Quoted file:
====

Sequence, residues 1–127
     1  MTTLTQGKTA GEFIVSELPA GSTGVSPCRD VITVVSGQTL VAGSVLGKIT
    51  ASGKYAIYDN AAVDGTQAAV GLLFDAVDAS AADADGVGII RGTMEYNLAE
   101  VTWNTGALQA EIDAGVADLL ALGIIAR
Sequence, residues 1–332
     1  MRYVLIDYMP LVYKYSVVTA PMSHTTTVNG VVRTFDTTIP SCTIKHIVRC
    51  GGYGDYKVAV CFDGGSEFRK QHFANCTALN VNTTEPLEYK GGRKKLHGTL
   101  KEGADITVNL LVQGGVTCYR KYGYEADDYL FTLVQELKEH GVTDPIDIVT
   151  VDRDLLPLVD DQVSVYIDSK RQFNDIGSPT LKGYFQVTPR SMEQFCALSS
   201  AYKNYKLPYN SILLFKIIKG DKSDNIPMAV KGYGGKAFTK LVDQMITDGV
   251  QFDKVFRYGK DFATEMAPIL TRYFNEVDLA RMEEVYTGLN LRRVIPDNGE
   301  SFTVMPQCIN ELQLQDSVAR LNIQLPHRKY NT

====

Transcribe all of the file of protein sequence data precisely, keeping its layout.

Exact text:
Sequence, residues 1–127
     1  MTTLTQGKTA GEFIVSELPA GSTGVSPCRD VITVVSGQTL VAGSVLGKIT
    51  ASGKYAIYDN AAVDGTQAAV GLLFDAVDAS AADADGVGII RGTMEYNLAE
   101  VTWNTGALQA EIDAGVADLL ALGIIAR
Sequence, residues 1–332
     1  MRYVLIDYMP LVYKYSVVTA PMSHTTTVNG VVRTFDTTIP SCTIKHIVRC
    51  GGYGDYKVAV CFDGGSEFRK QHFANCTALN VNTTEPLEYK GGRKKLHGTL
   101  KEGADITVNL LVQGGVTCYR KYGYEADDYL FTLVQELKEH GVTDPIDIVT
   151  VDRDLLPLVD DQVSVYIDSK RQFNDIGSPT LKGYFQVTPR SMEQFCALSS
   201  AYKNYKLPYN SILLFKIIKG DKSDNIPMAV KGYGGKAFTK LVDQMITDGV
   251  QFDKVFRYGK DFATEMAPIL TRYFNEVDLA RMEEVYTGLN LRRVIPDNGE
   301  SFTVMPQCIN ELQLQDSVAR LNIQLPHRKY NT